Later, a city spokesperson shared a statement from Balderrama, which said, “this is the right time for me to step away and focus on my faith and family.”

Dyer and White criticized news reports, which White said created a “media circus” around the investigation and “printed gossip and innuendo” – like the allegations of Balderrama’s abuse of power – as fact. Balderrama was placed on administrative leave on June 12 – a week after the city went public with news of the investigation that has rattled the community.

White and Dyer praised Balderrama for his time as police chief. Dyer said Balderrama was “a good fit for Fresno,” who created relationships in the community and “did some remarkable things for the city” including hiring hundreds of new officers and reducing rates of violent crime.

He noted, however, that Balderrama’s affair with an officer’s wife fell below the standards expected of a police chief.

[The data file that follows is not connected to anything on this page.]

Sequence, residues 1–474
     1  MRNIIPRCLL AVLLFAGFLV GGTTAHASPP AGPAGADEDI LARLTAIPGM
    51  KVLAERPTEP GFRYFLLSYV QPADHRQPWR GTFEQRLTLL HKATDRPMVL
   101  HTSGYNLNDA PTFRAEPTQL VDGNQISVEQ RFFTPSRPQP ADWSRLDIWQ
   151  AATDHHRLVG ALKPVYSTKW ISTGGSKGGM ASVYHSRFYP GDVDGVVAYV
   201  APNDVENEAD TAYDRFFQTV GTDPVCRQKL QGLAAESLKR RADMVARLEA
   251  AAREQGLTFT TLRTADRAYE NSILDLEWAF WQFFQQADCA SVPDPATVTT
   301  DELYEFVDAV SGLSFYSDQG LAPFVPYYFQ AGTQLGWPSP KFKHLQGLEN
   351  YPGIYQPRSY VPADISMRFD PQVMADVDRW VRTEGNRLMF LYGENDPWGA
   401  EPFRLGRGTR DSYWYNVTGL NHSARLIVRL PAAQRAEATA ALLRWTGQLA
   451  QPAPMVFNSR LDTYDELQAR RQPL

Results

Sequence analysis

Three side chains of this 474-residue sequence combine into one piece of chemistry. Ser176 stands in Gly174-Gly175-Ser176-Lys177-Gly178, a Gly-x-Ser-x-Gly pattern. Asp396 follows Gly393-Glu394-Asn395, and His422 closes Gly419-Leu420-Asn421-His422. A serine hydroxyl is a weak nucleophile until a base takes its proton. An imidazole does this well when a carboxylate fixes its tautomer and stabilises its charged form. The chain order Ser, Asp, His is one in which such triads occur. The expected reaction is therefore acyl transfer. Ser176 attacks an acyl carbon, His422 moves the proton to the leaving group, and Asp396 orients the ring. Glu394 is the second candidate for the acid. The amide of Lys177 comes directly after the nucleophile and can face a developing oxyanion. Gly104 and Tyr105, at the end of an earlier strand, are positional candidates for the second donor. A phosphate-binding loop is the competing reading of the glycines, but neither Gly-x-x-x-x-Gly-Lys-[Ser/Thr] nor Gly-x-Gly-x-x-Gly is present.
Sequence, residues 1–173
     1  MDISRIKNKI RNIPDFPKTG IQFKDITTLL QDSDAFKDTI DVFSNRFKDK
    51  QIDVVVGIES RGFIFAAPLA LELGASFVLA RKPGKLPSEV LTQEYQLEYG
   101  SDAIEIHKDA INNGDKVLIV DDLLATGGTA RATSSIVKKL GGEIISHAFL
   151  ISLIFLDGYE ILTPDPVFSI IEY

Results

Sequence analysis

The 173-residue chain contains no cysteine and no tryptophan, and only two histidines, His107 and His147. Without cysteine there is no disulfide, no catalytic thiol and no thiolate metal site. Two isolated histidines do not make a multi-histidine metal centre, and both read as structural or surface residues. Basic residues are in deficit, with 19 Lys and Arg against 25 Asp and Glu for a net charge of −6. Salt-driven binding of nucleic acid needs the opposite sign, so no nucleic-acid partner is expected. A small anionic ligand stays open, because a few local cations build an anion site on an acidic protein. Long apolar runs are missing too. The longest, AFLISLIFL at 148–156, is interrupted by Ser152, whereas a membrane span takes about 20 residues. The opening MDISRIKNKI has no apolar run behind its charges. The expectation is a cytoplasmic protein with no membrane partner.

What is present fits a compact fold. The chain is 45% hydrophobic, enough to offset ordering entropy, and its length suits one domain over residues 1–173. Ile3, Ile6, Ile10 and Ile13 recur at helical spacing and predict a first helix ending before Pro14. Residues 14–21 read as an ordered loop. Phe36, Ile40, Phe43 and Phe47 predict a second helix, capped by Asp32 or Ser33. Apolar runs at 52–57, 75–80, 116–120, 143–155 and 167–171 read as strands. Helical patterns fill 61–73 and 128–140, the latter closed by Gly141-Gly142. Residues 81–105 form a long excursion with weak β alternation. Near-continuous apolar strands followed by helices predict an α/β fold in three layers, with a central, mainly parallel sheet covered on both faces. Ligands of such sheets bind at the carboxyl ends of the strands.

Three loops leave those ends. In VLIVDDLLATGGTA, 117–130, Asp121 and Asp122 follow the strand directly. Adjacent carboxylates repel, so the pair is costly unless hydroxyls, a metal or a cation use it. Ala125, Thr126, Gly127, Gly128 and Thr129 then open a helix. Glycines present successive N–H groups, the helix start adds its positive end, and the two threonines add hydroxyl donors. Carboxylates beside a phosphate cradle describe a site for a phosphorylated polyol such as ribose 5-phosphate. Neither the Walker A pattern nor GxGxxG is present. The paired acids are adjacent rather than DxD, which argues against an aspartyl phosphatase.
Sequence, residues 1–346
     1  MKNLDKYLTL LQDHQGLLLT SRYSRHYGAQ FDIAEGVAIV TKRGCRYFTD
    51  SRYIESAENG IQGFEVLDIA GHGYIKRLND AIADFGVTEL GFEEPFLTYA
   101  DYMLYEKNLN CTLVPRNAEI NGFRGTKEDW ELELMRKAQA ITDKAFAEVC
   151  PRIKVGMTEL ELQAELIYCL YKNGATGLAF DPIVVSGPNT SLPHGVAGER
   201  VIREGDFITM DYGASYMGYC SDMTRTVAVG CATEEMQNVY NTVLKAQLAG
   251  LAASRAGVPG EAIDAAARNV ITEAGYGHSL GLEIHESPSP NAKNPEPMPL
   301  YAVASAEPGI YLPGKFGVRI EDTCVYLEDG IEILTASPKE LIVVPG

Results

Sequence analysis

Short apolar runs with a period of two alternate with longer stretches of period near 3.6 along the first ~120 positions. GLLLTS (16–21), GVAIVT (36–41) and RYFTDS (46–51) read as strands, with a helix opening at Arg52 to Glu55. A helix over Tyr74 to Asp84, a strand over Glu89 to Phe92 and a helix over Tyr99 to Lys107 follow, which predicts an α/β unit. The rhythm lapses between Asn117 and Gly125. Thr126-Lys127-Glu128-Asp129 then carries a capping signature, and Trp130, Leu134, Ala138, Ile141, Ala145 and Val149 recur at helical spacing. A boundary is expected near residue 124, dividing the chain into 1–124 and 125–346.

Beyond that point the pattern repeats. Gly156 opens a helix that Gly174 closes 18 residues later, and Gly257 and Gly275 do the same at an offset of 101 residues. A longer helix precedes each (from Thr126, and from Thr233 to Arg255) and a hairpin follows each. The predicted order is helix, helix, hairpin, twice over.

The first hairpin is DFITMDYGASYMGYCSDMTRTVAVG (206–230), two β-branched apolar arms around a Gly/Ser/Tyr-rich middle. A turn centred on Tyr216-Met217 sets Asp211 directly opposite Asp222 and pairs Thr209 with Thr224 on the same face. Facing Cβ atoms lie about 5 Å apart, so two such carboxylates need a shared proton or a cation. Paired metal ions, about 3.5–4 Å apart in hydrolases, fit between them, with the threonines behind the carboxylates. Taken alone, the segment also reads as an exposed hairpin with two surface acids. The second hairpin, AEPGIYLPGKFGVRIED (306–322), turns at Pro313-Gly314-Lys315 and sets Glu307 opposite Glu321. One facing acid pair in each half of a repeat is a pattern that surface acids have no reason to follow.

“We do believe this resignation by the chief is in the best interest of the community, the police department and our employees, as well as for Chief Balderrama and the families involved,” Dyer said.

Balderrama apologized to the police department in a letter sent on June 11. He told KVPR on Tuesday he thought the investigation was fair and the outcome clearing him of wrongdoing in his professional capacity was “100% accurate.” He said he had been driven to tears by community members who had reached out in support while the investigation was underway.

Dyer: No pressure to seek chief’s resignation

Dyer, who served as Fresno’s police chief for 18 years prior to Balderrama, said the best thing the department can do is move on.

A national search for a new police chief is underway. In the meantime, Deputy Chief Mindy Casto has been appointed interim chief. Balderrama, who will not have a police badge or gun, will serve as a consultant to Casto, until his resignation is effective on July 25.